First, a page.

This article explains basic anatomy, neck function, what cervical whiplash is, symptoms, red flags, management and physiotherapy treatment.
Your spinal column is divided into 3 sections.
The most flexible section of your spine is your neck, this known as the cervical spine.
What Does Your Neck Do?
- Supports the weight of your head and the major sensory organs (i.e. eyes, nose, ears, tongue and inner ear)
- Protects the spinal cord and spinal nerves
- Protects delicate blood vessels which supply the brain
- Provides mobility and stability to enable you to quickly scan your environment and make postural adjustments to maintain your balance.
What is Cervical Whiplash?
Cervical Whiplash is a term used to describe a specific mechanism of injury. It occurs when the neck is suddenly thrashed to one direction. This can result in overstretching and damage to the surrounding muscles, ligaments, joints, bones, discs and nerves.
This is most commonly observed in people following a motor vehicle accident (MVA) but can also occur as a result of sudden impact (i.e. fall, hitting your head, tackle).
Delayed symptoms following an accident are common and are often worse the day after. This can include:
- Neck stiffness and pain
- Restricted neck movement
- Dizziness and nausea
- Jaw, upper back, shoulder and arm pain
- Altered sensation in the arms (i.e. pins and needles and numbness)
- Arm weakness
- Hearing disturbances (i.e. ringing in the ears)
- Difficulty chewing and swallowing
- Difficulty with memory and concentration
Whiplash can vary in severity, it is important to be assessed by a health professional to exclude a serious injury (i.e. fractures, neural/vascular compromise and joint instability).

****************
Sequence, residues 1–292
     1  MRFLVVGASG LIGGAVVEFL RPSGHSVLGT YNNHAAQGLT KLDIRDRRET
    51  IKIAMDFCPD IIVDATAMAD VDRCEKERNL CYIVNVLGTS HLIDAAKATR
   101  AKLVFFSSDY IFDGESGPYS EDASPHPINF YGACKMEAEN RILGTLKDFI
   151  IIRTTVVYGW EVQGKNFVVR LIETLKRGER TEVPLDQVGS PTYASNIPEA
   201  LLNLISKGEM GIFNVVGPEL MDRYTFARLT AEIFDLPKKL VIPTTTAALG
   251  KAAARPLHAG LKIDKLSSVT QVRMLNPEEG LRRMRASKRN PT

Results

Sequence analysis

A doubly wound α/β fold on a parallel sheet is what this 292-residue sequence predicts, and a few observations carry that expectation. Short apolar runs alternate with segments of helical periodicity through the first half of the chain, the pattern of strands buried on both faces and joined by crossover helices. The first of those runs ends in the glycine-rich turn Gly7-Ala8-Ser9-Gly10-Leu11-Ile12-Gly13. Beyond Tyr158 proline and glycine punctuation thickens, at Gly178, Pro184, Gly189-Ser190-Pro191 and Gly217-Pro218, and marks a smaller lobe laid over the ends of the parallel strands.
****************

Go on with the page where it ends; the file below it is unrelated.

Symptoms of more concern can include:
- Significantly restricted neck movement (>50% restriction)
- Progressively worsening weakness, numbness, loss of power or sensation changes in one or both arms
- Difficulty with balance or gait
- Visual disturbances
- Sensation changes or weakness in the face
- Speech and swallowing difficulties
- Onset of bladder or bowel weakness after an incident
- Progressively worsening clumsiness in the hands or feet
Diagnosing this condition is mainly based on an individual’s clinical presentation through a thorough subjective and physical examination. An X-ray, CT or MRI may also be required to exclude/identify a serious injury (i.e. fractures, disc injuries).
- Thankfully, most cases do not involve a serious injury and the majority of people will make a full recovery within a few months with conservative physiotherapy treatment (see below)
- Basic over the counter pain killers (i.e. Panadol) and anti inflammatory medications (i.e. Voltaren) can be used to help alleviate pain
- Studies have indicated resumption of normal activity, remaining active and commencing gentle strengthening and movement exercises to be beneficial in promoting a quicker recovery
- Cases involving serious injuries may require medical intervention (i.e. surgery)
- Following an incident our priority is to minimise the extent of damage, reduce inflammation and decrease pain. Modalities such as modified rest, heat, manual therapy, strapping, massage and acupuncture may be used.
- Provide education regarding the injury, address unhelpful beliefs, identify and modify aggravating factors.
- Restore pain free neck, shoulder and upper back range of motion
- Restore strength to the neck, upper back, shoulder and postural muscles
- Restore normal nerve function and flexibility
Please keep in mind the information provided is general in nature and should not be used as a substitute to consult your treating health professional. If you have any specific questions or require assistance with your individual treatment requirements please do not hesitate to contact My Family Physio in Pittwater Place Shopping Centre.
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